- 1 Information about Rabeprazole
- 2 Liver safety of Rabeprazole
- 3 Mechanism of action of Rabeprazole
- 4 FDA approval information for Rabeprazole
- 5 Dosage and administration for Rabeprazole
- 6 Side effects of Rabeprazole
- 7 The antiulcer agents in clinical use
- 8 Articles on Rabeprazole
- 9 Learn more about Rabeprazole
Information about Rabeprazole
Rabeprazole is a proton pump inhibitor (PPI) and a potent inhibitor of gastric acidity used in the therapy of gastroesophageal reflux and peptic ulcer disease.
Liver safety of Rabeprazole
Rabeprazole therapy is associated with a low rate of transient and asymptomatic serum aminotransferase elevations and is a rare cause of clinically apparent liver injury.
Mechanism of action of Rabeprazole
Rabeprazole (ra bep' ra zole), like other PPIs, binds to and inactivates the H+/K+-ATPase of gastric parietal cells, causing inhibition of the proton pump that transports H+ into the gastric lumen, the final common step in gastric acid production. Rabeprazole is a prodrug and is converted to the active form in the acidic secretory canaliculi of parietal cells. Because the inhibition is irreversible, acid secretion is suppressed for 24 to 48 hours, until new proton pump molecules have been synthesized and transported to the cell membrane.
FDA approval information for Rabeprazole
Rabeprazole was the third PPI approved for use in the United States (1999) and is widely used in the therapy of acid-peptic disease, including duodenal and gastric ulcer disease and gastroesophageal reflux.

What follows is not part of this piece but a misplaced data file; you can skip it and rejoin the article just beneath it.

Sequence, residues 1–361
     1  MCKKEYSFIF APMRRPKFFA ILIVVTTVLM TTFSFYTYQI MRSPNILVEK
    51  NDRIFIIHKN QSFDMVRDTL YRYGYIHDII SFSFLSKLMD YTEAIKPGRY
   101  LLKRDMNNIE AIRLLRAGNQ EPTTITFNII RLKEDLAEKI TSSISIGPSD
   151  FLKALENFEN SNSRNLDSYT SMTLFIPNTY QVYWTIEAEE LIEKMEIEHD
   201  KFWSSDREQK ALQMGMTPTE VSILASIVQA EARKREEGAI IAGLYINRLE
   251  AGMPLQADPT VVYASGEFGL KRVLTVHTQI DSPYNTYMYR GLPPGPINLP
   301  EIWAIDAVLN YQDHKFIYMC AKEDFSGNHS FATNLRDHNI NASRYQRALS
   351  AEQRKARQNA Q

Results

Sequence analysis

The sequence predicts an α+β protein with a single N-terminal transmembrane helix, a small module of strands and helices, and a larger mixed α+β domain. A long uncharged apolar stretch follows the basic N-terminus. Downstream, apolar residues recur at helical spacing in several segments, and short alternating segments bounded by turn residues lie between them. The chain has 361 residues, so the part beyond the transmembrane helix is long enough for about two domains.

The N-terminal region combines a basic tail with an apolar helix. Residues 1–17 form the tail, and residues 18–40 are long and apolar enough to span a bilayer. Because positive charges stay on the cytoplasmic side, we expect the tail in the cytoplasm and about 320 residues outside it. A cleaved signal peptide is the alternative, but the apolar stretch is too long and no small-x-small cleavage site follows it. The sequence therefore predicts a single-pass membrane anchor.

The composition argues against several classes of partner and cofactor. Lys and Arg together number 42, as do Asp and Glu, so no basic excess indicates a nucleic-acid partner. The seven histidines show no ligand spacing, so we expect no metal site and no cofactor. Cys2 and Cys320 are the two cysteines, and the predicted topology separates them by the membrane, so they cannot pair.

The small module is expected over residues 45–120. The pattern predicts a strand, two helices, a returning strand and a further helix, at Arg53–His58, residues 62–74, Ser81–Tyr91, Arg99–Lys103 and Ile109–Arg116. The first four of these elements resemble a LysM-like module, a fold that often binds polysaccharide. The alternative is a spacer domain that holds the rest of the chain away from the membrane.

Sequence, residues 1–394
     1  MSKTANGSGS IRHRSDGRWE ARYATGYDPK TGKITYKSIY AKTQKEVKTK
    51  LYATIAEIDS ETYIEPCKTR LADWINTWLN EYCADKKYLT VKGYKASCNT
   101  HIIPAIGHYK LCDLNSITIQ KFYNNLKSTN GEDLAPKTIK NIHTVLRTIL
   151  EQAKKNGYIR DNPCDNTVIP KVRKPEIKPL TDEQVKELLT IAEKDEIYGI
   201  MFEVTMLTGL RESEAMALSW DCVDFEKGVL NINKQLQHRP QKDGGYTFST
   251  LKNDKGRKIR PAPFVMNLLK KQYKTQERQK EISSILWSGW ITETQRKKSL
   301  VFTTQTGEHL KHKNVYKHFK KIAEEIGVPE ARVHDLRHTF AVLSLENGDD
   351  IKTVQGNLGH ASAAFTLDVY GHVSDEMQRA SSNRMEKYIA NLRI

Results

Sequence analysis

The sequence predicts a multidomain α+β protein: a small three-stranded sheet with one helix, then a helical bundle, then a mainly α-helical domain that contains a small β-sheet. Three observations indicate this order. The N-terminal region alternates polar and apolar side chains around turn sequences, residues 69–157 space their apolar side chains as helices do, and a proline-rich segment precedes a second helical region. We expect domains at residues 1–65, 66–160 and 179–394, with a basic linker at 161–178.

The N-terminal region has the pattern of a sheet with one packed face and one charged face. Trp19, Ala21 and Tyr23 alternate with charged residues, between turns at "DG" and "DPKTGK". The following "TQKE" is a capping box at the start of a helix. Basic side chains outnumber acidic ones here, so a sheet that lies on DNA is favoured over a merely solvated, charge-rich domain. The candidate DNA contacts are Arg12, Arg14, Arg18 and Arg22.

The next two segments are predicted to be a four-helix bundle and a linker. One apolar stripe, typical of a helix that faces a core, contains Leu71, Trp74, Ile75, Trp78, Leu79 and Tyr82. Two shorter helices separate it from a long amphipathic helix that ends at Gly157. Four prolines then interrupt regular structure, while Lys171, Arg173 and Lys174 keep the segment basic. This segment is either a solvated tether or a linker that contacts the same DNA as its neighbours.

Dosage and administration for Rabeprazole
Rabeprazole is available in delayed release tablets of 20 mg in generic forms and under the brand name Aciphex. The typical dose for duodenal ulcer disease is 20 mg once daily for 4 to 8 weeks, with similar doses for long term maintenance therapy. Twice daily doses are used for more severe cases of gastrointestinal reflux and peptic ulcer disease, and doses of up to 120 mg daily for Zollinger-Ellison syndrome.
Side effects of Rabeprazole
Rabeprazole is very well tolerated. Side effects are uncommon and usually mild; they may include nausea, vomiting, abdominal discomfort, constipation, diarrhea, flatulence, skin rash, headaches and dizziness. Severe side effects are rare but can include hypersensitivity reactions. Long-term use of rabeprazole may be associated with bone fractures, acute interstitial nephritis, lupus erythematosus, vitamin B12 deficiency and hypomagnesemia
The antiulcer agents in clinical use